|Colorado National Monument|
My travel plans included driving to the Grand Junction, CO to have about a thousand dollars of safety improvements made on my 1997 Georgie Boy motorhome. I had initially planned on getting the two front steer tires replaced along with an alignment to prevent the premature wear on the new tires. I knew that the previous owner had neglected several preventative maintenance duties including caring for the suspension. I had already replaced the front suspension spring air bags that dampen the harsh ride of this large motorhome. The addition of four rooftop four panels and four heavy batteries plus other improvements to the vehicle had added even more weight to the vehicle.
Upon investigating the cause of the tire wear I learned that numerous front end components had reached their end-of-life and that for my driving safety the situation warranted a major moolah outlay for parts and labor. And as they say, nothing like having a front end steering system collapse at 60 mph to ruin your day, so out came the credit cards for:
4 upper and lower tie rod ends, 2 idler arms, and 1 drag link, plus labor : $1,747.16+
2 front shocks: $298.32
1 steering dampener: $55, my own labor
Total cost: $3,379.13 + six lost travel days waiting for parts and installation. Ouch!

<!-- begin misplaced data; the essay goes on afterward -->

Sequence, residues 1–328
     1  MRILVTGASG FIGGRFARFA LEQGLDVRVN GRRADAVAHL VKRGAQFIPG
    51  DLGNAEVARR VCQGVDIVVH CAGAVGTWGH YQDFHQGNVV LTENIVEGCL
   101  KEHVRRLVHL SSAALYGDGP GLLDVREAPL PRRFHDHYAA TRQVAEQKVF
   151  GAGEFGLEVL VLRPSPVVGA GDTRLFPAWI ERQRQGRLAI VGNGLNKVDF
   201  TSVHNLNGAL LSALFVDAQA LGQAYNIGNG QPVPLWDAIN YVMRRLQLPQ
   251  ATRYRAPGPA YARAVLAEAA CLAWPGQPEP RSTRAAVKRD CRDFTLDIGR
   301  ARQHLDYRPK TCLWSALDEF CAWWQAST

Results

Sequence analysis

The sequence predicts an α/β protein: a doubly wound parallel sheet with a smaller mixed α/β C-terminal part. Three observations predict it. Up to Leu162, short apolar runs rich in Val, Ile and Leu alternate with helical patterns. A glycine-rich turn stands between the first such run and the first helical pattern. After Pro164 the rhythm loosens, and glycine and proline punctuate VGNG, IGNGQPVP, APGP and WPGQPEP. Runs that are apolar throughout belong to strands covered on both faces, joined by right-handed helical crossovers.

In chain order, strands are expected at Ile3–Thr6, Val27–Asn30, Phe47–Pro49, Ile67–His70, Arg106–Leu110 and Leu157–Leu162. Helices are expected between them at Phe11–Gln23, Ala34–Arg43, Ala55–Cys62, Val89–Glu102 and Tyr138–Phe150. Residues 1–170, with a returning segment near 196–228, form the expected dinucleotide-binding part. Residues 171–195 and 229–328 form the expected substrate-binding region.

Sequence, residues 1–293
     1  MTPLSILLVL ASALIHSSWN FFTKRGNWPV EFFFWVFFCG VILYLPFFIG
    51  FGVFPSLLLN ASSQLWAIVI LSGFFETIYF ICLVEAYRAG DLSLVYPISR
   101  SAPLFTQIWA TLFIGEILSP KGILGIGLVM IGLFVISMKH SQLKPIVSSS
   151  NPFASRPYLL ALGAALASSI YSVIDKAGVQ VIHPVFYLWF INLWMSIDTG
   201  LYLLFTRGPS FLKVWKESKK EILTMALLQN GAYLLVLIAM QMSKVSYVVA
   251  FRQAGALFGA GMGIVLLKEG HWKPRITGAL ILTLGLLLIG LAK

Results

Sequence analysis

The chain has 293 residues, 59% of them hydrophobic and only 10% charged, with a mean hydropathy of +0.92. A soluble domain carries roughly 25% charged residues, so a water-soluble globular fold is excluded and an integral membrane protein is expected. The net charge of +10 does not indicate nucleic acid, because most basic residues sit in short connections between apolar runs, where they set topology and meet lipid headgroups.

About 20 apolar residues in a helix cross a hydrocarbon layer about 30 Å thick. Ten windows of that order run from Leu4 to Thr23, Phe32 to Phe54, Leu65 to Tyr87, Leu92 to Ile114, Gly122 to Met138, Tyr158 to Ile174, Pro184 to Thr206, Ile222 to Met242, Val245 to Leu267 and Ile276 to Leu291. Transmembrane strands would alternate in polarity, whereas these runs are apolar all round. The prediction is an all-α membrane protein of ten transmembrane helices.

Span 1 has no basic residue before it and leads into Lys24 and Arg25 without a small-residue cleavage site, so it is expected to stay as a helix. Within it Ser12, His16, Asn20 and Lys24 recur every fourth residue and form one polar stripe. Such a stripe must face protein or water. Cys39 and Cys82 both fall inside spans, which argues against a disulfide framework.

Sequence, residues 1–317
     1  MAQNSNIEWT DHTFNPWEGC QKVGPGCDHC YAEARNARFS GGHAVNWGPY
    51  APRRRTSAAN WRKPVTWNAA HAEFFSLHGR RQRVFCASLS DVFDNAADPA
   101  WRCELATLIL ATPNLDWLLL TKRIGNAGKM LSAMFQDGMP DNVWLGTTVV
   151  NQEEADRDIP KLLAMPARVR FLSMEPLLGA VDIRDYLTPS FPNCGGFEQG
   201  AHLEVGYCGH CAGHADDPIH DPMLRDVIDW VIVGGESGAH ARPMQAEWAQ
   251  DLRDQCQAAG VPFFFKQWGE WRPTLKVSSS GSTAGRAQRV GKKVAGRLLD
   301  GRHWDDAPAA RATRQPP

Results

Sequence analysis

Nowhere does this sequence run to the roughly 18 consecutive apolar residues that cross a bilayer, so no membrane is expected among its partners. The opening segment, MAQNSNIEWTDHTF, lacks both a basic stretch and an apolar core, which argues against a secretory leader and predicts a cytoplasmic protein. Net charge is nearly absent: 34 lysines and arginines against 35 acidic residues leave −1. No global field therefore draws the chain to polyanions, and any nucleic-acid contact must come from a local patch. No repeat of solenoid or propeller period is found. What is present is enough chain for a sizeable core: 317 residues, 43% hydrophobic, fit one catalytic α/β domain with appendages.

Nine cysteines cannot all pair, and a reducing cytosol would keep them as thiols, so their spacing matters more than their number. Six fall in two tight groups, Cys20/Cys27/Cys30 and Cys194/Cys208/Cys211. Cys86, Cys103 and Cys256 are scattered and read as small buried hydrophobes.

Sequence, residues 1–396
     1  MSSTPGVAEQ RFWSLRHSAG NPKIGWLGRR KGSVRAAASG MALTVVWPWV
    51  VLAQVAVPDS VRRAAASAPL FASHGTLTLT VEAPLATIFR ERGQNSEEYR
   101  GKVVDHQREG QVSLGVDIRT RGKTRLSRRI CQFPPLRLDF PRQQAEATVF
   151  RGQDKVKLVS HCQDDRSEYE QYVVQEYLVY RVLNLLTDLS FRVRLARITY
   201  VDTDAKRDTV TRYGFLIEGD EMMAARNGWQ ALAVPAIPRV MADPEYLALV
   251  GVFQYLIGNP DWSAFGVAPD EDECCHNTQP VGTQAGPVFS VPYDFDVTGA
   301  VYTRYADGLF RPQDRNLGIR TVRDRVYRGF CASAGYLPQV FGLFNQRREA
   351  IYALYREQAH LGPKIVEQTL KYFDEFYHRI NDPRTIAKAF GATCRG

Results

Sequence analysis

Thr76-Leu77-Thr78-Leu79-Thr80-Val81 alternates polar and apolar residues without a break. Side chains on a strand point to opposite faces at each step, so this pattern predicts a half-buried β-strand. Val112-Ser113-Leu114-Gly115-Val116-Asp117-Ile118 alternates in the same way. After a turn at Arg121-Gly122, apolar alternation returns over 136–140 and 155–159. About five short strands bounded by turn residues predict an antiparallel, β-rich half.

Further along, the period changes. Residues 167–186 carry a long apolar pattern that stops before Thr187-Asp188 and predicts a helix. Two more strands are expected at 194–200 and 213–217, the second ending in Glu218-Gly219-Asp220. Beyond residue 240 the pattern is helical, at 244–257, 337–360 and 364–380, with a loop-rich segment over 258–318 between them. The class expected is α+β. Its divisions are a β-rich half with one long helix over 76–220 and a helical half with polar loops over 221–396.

Well, actually its not six frustrating days of waiting. Three of the seven ordered parts were the wrong part numbers. Aaaargh. They have to go back and renew a search for expensive, after market replacements.
What's a person to do in this situation? I put on the RV what would work and made a Plan B that stretches out the repair process about a month. I'll have to wait for my next big destination city (Las Cruces, NM) to finish the repairs and hope everything stays together until then.
Thankfully, these are mostly once in a motorhome lifetime expenditures. My travels will be smoother, safer and a bit more predictable. Until then what are the RV lessons I've relearned?
- Don't neglect maintenance.
- Quality always pays.
- You seldom know what you don't know.
- Expect the unexpected.
- Don't trust that the repair shop knows what there doing, especially on an older vehicle.
- Whatever, pick yourself up and get back on the road again.
On to better things...
On my last day of waiting for repairs I spent the afternoon touring Colorado National Monument that sits directly above and south of the city of Grand Junction. The monument is blessed with dramatic canyon views seen from a large flat top mesa that has lots of lakes, hiking trails, a campground, and roadside observation pull-outs. Definitely worth a drive through unless you're in a large RV or are afraid of heights. The historic, vertigo inducing, Rimrock Drive has three tunnels with low clearance heights so only smaller vehicles can navigate the winding, edge of the cliff road. There are shear drops adjacent to several road sections so driving from the west or east may make a difference for you or your passengers.
|The not so grand tetons|
You can watch the Colorado National Monument Visitor Center Web Camera
What's next on my travel plans? Cortez, Colorado and Hovenweep National Monument, Canyon of the Ancients, and then onto Mesa Verde National Park.